By the mid-20th century, the rope halter was primarily a mass-produced item, often called a “Johnson halter” (after one major manufacturer). It was made of cotton sash cord with a metal hook on the left side of the crownpiece for quicker fastening and a metal loop under the jaw for easier lead rope attachment. It also was held together with metal clamps at strategic locations, and while it didn’t break easily when new, it aged quickly and when it broke, it was usually where a metal part met rope. Also, cotton shrunk when wet. These halters could not be adjusted to any great degree, though they were manufactured in multiple sizes. Leather halters, also mostly mass-produced, varied widely in quality, from single-thickness, cheaply-tanned items that disintegrated easily and broke even faster, to multiple-thickness, pre-oiled, triple-stitched units with cast-metal rings that were virtually indestructible with routine maintenance. Save for the top end, stable halters, generally, were at a low ebb of mass-produced disrepute.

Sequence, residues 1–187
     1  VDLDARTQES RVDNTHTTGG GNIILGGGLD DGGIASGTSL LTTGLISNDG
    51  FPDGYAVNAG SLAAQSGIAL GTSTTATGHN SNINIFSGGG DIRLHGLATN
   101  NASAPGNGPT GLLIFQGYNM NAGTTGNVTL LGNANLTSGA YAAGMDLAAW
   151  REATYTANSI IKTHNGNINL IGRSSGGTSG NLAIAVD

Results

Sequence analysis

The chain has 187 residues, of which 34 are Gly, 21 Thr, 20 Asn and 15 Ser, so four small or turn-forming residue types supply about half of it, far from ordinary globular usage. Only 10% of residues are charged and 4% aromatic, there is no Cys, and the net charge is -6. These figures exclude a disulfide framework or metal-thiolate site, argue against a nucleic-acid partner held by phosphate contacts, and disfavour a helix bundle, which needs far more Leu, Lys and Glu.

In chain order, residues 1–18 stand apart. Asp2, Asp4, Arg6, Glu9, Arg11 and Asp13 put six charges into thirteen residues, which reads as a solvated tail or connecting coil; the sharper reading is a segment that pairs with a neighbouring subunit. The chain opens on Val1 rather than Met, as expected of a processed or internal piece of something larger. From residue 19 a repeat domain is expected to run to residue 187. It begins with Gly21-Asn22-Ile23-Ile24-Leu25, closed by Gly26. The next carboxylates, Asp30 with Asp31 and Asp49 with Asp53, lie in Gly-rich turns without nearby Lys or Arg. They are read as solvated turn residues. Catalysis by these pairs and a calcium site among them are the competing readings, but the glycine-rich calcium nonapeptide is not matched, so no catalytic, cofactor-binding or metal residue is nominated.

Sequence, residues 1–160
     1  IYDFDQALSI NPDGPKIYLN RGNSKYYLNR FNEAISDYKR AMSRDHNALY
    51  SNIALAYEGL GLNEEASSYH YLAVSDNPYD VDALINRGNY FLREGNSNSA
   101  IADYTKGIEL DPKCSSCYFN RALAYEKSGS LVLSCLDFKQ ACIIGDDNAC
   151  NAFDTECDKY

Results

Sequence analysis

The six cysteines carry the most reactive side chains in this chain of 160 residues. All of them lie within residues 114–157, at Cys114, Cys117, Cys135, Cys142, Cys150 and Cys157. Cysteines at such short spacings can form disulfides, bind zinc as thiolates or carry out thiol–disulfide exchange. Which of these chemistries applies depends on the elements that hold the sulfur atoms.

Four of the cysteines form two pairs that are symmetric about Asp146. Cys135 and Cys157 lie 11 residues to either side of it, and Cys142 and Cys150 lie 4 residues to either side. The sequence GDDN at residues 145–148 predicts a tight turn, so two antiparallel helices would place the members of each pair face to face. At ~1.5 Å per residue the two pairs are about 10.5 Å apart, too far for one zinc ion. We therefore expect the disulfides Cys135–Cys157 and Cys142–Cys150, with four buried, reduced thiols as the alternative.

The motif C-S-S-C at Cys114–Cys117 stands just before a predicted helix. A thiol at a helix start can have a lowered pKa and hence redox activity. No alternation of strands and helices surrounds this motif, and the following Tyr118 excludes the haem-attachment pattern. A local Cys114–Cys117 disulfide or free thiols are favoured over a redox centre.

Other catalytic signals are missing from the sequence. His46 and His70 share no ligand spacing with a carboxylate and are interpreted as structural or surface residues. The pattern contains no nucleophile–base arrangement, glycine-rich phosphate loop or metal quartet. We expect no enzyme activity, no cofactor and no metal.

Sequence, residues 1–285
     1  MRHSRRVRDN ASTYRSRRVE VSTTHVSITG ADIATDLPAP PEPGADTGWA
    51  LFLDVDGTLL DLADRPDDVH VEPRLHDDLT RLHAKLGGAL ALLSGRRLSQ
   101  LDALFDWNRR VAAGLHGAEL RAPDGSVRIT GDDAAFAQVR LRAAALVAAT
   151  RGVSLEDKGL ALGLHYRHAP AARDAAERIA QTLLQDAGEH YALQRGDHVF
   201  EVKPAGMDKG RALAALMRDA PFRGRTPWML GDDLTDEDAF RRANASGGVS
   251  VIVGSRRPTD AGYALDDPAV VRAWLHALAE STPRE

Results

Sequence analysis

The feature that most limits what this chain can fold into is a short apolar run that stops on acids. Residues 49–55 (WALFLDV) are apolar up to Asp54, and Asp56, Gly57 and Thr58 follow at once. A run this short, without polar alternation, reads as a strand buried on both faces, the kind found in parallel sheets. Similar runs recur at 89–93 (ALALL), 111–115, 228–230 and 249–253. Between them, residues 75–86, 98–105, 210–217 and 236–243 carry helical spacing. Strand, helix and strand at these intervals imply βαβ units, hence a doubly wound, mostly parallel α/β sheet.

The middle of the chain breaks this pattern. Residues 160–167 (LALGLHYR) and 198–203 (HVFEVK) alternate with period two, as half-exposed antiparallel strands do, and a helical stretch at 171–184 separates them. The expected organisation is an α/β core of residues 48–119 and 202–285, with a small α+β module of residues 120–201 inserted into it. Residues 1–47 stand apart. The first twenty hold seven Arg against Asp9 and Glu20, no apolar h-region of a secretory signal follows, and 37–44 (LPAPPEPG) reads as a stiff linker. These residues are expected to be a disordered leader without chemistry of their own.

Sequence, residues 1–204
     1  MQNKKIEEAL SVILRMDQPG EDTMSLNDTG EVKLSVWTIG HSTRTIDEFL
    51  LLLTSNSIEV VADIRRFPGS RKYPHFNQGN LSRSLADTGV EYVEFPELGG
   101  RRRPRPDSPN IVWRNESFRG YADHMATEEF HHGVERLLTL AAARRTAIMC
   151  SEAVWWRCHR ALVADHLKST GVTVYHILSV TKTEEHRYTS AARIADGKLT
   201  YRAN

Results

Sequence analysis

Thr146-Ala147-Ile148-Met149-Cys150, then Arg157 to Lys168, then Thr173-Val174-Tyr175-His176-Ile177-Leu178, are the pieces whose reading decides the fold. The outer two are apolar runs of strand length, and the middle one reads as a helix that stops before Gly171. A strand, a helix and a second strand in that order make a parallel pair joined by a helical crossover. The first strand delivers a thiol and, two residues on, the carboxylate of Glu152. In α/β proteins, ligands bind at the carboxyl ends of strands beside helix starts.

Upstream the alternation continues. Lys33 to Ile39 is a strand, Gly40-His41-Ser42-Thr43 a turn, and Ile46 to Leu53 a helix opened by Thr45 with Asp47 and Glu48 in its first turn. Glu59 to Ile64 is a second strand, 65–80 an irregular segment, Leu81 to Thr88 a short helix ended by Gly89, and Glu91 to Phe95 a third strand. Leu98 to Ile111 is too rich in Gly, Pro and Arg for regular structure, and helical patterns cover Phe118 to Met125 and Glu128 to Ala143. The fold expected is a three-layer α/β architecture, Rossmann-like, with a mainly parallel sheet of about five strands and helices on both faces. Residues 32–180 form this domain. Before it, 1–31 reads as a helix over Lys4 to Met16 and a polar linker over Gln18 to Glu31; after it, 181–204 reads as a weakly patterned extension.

By the 1960s, synthetic rope and flat nylon web began to replace natural rope and leather for common stable halters because synthetics, generally stronger and more durable, also became cheaper than natural alternatives. Synthetics could be manufactured in a wide variety of colors, which added to their appeal. Durability became roughly equivalent between flat and rope styles and so, with maintenance out of the picture, the differences between designs became a matter of individual taste though, to a less well-understood degree, each style still retains differences in how they affect and control the horse in everyday use.
Flat nylon web quickly became a popular replacement for leather in halters. Web gave the same look, control, and versatility as leather at a fraction of the price. Its strength was greater than most leather, and the metal hardware used was the primary price point distinguishing quality. People who primarily used rope halters out of economic necessity soon abandoned them for nylon web. Rope halters mostly sold to buyers who still sought the cheapest possible equipment or who simply continued to use what they always had used. Even though the Johnson design also switched to nylon rope, the weaknesses of the halter reduced its market share significantly and the design has now vanished from modern tack catalogues.